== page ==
Ferrara is a rare example of a city whose historic centre has remained surrounded by the walls over the centuries. For nine almost entirely uninterrupted kilometers, the city still boasts one of the most powerful defensive systems of the Middle ages and Renaissance. While the city walls could be a nearly impregnable defensive tool in times of war, it became an extraordinary garden that hosted the leisure and entertainment of the court’s nobles in time of peace. The city’s entire history is enclosed within these walls and today they are an authentic monumental park, containing a unique historic and artistic heritage that is made available to citizens and visitors.
|Road type:||mixed paved/dirt road|
|Number of stops:||13|
|Departure/end point:||Castello Estense, Piazza Savonarola|
- CASTELLO ESTENSE
This route departs from the castle (on the Piazza Savonarola side), one of the rare examples of a dwelling surrounded by a moat. The symbol of the city, it was built by Marquis Niccolò II d’Este in 1385. Declared a symbol of strength and power, it became a noble residence at the end of the 1400s, when a part of the Este court moved there from the nearby Palazzo Ducale. Still today, the two buildings are united by Via Coperta, a covered walkway that passes over the arcades along one side of Piazza Savonarola.
Inside, visitors can admire the mysterious prisons, rooms and halls of extraordinary artistic beauty with frescos from the late 1500s, while the Torre dei Leoni offers a breath-taking panoramic view of the city.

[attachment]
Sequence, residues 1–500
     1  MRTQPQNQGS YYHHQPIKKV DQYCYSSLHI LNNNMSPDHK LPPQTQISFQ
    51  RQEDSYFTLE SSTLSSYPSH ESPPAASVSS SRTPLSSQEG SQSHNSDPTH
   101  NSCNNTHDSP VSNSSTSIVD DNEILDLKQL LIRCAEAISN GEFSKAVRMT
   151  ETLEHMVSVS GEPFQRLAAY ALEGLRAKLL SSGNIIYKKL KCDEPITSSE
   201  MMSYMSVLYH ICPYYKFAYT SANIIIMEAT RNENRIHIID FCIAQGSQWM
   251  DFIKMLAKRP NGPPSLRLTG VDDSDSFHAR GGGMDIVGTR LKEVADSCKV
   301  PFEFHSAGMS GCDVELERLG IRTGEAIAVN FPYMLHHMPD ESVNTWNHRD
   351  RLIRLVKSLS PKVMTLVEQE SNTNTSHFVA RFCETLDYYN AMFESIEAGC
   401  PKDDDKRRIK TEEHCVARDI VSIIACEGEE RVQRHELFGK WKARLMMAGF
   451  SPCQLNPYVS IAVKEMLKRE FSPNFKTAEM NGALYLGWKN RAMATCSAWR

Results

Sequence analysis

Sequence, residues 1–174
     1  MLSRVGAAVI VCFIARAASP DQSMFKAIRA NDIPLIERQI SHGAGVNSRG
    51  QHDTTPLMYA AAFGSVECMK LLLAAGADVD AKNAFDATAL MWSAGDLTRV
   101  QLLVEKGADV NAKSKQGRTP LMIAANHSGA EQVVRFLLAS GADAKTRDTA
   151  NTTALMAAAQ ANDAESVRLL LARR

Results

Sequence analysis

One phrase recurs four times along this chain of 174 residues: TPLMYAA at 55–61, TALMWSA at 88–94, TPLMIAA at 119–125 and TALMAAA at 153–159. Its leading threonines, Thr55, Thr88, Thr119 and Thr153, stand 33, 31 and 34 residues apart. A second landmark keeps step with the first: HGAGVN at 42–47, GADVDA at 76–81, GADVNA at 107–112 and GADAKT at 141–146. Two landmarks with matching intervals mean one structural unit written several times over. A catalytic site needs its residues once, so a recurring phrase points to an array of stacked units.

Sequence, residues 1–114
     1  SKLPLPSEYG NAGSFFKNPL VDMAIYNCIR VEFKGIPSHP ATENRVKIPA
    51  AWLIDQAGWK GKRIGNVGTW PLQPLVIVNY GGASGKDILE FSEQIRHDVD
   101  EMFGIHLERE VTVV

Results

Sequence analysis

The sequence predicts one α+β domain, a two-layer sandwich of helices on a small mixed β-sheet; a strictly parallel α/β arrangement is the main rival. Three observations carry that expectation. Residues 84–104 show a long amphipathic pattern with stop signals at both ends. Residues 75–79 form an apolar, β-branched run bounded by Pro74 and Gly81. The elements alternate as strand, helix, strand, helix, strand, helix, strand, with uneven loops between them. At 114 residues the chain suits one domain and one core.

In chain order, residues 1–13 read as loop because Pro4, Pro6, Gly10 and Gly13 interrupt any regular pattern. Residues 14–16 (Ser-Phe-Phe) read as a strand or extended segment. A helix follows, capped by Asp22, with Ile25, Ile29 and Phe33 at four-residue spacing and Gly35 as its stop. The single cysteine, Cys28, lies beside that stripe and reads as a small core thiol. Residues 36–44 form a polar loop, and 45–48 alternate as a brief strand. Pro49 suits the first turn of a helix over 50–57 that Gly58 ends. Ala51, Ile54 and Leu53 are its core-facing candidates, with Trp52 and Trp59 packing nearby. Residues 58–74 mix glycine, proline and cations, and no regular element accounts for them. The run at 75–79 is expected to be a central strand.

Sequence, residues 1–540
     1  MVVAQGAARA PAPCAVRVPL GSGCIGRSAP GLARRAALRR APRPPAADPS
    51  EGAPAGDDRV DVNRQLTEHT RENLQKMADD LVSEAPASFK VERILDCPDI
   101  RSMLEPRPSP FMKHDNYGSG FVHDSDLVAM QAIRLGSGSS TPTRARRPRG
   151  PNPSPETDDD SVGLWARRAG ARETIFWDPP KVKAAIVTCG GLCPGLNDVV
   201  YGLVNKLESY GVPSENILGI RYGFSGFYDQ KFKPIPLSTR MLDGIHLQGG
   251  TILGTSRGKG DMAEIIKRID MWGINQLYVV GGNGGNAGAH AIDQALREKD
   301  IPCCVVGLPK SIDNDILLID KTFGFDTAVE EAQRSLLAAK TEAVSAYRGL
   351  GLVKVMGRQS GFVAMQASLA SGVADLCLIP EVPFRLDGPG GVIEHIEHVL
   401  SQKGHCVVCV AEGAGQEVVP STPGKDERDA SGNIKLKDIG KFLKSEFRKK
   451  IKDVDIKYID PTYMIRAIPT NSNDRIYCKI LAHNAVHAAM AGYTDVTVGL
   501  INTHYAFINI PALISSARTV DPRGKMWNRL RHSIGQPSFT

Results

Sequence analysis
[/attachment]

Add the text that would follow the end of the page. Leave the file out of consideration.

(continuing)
- With the castle to your back, head down Corso Martiri della Libertà until the Volto del Cavallo portico in Piazza Cattedrale. Turn right and head into the Piazzetta Municipale.
- PIAZZETTA MUNICIPALE
- Continue along Via Garibaldi, one of the oldest roads in Ferrara. Stop at number 90.
- PALAZZO BENTIVOGLIO
The current appearance is the result of the restructuring ordered by the nobleman Cornelio Bentivoglio in the early 1580s: as history has it, the work was done in part by Neapolitan antiquarian Pirro Ligorio and Ferrarese architect Giovan Battista Aleotti. After the WWII, the building became the seat of the Court of Ferrara and today, after a careful restoration, it is home to private offices and apartments.
- Continue along Via Garibaldi until Via Arturo Cassoli. Once you reach Viale IV Novembre, turn right. The city walls will begin to appear. Cross Viale Cavour. At the end of Via delle Barriere, after another pedestrian crossing, continue along the walls.
- THE BELVEDERE WALLS
This section of the city walls was designed mainly by Biagio Rossetti upon the request of Ercole I d’Este near the end of the 1400s. The Ferrarese architect, as well as other intellectuals, contributed to the grandiose urban plan of what is called the Erculea Addition, an expansion that, thanks to its originality and rationality, made Ferrara the “first modern city in Europe”. Before Ercole I d’Este focused on buildings and palaces, he decided to fortify the zone with defensive fortifications. He thus constructed the walls on the north, destined to enclose a new portion of the city, characterized by large, organized, regular quarters, just like in a true European capital.